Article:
IoT Ecosystem Blog

Fashion First! "Eyecatcher" Smart Bangle Touts a 5" Flexible, Persistent Display

by Cliff Raskind | Oct 20, 2015

LookSee Labs out of Oakland CA has garnered a lot of wearables buzz with its Eyecatcher smart bangle, and will likely obliterate its Kickstarter stretch goal in fairly short order. It is essentially a large 5 inch 16:1 aspect ratio flexible, persistent black and white display to be worn on the wrist. The Kickstarter campaign bills the device as "A smart bracelet that fuses art, fashion and technology by displaying custom images, slideshows, app-notifications and breaking news".  I see it as easily one of the most interesting implementations of electrophoretic e-ink display technology to date. 

The device works with IoS and soon Android smartphones and tablets. Notifications include, activity/motion tracking, barcodes, custom watch faces, calendar, moving map, text messages, breaking news and stocks (with more to come). The true appeal, however, is as an object d'art and women's tastes will be immediately drawn to Eyecatcher.

At the center of the concept is a 5 inch 16:1 aspect ratio monochromatic 150 ppi e-ink screen capable of 16 shades of grey. With a 10 mAh lithium battery Eyecatcher claims a year of battery life if the display is updated once an hour on average. Owing to e-ink, once the image is loaded it isn't going anywhere until the next screen update, and the electronics can snooze into a power saving mode. Connectivity options include Bluetooh LE and micro-usb, with 8 MB of onboard storage for images/slideshows. 

There are 3 design options and 2 sizes to choose from. Among them is stainless steel, white bronze and solid sterling silver options. The device has been in the works since early 2014, and if all goes to plan manufacturing at volume will start in December and online sales will commence in March 2016. Early bird pricing on Kickstarter starts at US$ 214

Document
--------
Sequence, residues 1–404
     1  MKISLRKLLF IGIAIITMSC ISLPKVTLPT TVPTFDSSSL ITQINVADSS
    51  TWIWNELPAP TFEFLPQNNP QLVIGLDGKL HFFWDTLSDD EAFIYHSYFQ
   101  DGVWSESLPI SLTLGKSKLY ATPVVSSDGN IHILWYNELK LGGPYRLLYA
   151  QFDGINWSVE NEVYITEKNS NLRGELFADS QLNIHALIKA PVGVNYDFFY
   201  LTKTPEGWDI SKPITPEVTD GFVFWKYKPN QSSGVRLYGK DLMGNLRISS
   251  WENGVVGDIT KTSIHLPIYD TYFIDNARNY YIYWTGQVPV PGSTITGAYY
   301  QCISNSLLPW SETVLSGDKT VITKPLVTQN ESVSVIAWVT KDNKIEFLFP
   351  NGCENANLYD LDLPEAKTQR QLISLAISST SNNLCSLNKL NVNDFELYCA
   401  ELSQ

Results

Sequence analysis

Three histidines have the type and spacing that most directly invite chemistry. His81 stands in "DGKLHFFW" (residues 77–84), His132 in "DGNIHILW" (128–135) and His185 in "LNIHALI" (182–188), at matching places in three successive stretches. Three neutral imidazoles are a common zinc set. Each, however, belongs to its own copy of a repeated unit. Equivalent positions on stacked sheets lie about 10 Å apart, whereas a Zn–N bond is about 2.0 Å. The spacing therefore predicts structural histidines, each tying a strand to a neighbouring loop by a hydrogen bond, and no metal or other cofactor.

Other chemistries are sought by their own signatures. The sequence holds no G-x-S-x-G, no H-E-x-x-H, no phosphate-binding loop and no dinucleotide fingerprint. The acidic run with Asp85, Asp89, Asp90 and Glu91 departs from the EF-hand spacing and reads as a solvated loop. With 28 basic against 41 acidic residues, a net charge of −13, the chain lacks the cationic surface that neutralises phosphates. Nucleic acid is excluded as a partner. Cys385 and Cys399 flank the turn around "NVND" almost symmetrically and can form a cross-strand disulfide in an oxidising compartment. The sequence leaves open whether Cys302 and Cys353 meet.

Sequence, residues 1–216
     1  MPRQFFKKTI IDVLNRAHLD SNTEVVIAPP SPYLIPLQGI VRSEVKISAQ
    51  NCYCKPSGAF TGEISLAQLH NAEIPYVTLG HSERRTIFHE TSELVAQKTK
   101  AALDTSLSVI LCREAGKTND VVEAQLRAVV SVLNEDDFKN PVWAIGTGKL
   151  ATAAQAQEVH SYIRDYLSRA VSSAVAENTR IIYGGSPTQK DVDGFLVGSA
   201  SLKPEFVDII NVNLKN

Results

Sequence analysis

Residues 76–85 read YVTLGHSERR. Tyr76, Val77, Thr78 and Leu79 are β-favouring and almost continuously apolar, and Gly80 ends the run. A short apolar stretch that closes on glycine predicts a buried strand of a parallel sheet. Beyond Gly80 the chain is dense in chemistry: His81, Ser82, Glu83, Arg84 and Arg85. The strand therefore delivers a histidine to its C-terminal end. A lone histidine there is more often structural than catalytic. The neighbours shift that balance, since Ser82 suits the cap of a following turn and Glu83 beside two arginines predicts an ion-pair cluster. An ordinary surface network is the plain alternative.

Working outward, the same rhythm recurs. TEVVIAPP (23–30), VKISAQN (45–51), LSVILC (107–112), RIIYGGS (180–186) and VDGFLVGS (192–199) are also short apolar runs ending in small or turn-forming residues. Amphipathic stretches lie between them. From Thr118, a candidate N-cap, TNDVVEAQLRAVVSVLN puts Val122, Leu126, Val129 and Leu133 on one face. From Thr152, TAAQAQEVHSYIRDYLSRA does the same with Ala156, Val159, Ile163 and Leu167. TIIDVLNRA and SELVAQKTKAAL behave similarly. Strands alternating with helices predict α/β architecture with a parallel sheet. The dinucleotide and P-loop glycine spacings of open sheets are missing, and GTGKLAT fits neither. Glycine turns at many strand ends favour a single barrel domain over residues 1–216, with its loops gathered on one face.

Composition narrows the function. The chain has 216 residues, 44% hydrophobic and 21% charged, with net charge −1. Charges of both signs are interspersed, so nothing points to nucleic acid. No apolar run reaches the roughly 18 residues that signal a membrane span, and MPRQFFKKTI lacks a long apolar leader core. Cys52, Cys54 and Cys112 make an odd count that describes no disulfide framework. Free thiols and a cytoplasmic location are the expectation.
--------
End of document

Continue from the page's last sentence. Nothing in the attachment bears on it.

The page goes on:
Looksee Eyecatcher

From a device I/O standpoint, Eyecatcher is largely about one-way output to the user for notification, ongoing glanceable info, QR code potential, and of course aesthetic designs to compliment your "look". In fact, a novel use featured in LookSee's promotion is displaying a photo of the wearer's bold clothing pattern prominently on the device while the model is also wearing said clothing. Given the monochrome screen, it is unsurprising that these promotional shots are in black and white! 

For notification and alerts, the ability to fine tune via the phone app what comes onto the watch, must be both flexible and user friendly for this kind of device. Additionally, while the e-ink display is key to Eyecatcher's claimed battery life, electrophoresis is also subject to inherent, and non-trivial, refresh rate limitations.

In terms of inputs, Eyecatcher has virtually no onboard controls and the only input taken from the device appears to be motion sensing for activity tracking. Indeed, the bangle design makes persistent skin contact problematic for bio-sensors. The impact of something like an optical heart rate sensor would, for example, kill battery life-- but that is of course NOT the point of such a device. 

The technology to enable this kind of design has, in theory, been ready for some time, but the proof will be in the putting when Eyecatcher is commercialized. In my view the blank canvas approach definitely takes top marks for versatility despite being largely devoid of user inputs, and in some ways defies categorization. 

There are a number of smart jewelry starups out there. Parallels can be drawn between Eyecatcher and Polyera's touch enabled WOVE band, and WiseWear focuses on the beauty and form of their metal designs that emphasize haptics and minimise visual display. Eyecatcher, however, is a design that is all at once elegant and incredibly versatile.  

On a related note, I would also urge makers of traditional watches to take a hard look at developing e-ink alternatives for use in smart watchstraps that will preserve the enduring appeal of their products.

While I previously wrote that that beyond wristwear the wearables segment is positively brimming with innovation, recent news has shown the wrist remains fertile ground for innovation!
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